Jingdezhen, formerly spelt Ching Teh Chen and known as
the "Ceramics Metropolis" of China, is a synonym for Chinese porcelain.
Xinping or Changnanzhen in history, it is situated in the northeastern part of Jiangxi
Province in a small basin rich in fine kaolin, hemmed by mountains which keep it supplied
with firewood from their conifers. People there began to produce ceramics as early as
1,800 years ago in the Eastern Han Dynasty. In the Jingde Period (1004-1007), Emperor
Zhenzong of the the Song Dynasty decreed that Changnanzhen should produce the porcelain
used by the imperial court, with each inscribed at the bottom "Made in the Reign of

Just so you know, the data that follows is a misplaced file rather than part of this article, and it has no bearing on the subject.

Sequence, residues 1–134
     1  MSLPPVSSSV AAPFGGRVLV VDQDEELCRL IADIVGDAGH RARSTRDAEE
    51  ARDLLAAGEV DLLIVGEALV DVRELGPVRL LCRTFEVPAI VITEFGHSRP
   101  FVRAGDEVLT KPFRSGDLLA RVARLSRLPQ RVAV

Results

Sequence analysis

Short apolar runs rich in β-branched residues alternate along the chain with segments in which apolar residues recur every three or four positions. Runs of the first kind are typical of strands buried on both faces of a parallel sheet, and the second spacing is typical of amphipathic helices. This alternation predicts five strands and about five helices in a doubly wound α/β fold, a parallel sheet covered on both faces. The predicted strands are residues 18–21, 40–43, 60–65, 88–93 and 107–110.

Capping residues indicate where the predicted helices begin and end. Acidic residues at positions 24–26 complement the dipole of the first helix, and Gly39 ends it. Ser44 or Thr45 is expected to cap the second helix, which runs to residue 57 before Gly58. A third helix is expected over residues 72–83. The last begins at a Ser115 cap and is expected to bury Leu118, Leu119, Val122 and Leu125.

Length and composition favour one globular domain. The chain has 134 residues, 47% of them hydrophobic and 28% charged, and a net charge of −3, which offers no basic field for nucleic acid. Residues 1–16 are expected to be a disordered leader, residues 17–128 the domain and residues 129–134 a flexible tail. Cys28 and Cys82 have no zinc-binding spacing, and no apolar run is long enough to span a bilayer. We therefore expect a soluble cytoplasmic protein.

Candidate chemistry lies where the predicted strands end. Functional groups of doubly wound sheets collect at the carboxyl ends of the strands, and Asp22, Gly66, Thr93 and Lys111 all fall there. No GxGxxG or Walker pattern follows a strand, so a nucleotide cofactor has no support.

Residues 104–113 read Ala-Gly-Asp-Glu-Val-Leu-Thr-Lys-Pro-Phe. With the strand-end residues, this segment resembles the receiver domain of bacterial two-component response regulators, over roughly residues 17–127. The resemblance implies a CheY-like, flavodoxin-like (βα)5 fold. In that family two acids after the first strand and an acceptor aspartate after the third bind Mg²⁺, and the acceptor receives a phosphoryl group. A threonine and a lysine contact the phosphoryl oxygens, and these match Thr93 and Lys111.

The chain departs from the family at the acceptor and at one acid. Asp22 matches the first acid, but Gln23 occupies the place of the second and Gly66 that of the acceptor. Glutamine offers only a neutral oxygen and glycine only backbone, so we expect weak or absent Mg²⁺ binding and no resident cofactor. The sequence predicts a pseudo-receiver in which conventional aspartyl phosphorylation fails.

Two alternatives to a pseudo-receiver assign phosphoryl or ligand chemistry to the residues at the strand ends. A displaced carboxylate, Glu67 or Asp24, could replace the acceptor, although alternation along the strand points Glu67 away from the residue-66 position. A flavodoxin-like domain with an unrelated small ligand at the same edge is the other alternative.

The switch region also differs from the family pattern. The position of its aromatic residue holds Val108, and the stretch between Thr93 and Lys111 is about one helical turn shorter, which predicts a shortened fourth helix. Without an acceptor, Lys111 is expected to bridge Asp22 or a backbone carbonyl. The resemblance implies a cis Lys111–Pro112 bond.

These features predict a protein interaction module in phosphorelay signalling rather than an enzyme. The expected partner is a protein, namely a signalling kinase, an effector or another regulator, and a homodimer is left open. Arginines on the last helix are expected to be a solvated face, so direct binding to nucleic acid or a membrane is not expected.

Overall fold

Jingde". From then on people began to call all chinaware bearing such inscriptions
"porcelain of Jingdezhen. "
The ceramic industry
experienced further development at Jingdezhen during the Ming and Qing
dynasties or from the 14th to the 19th century. When
skills became perfected and the general quality more refined, government kilns were set up
to cater exclusively to the need of the imperial house.
ancient ceramics metropolis, has been regenerated with new vigor since the founding of New
China. It now boasts a ceramic research institute and a ceramic museum in addition to five
kaoltn quarries, 15 porcelain factories, two porcelain machinery plants, one porcelain
chemical plant, two refractory materials factories and dozens of porcelain processing
As the leading
centre of the porcelain industry, Jingdezhen has been put under state protection also as
an important historical city. With 133 ancient buildings and cultural sites, it is a
tourist town attracting large numbers of visitors from home and abroad.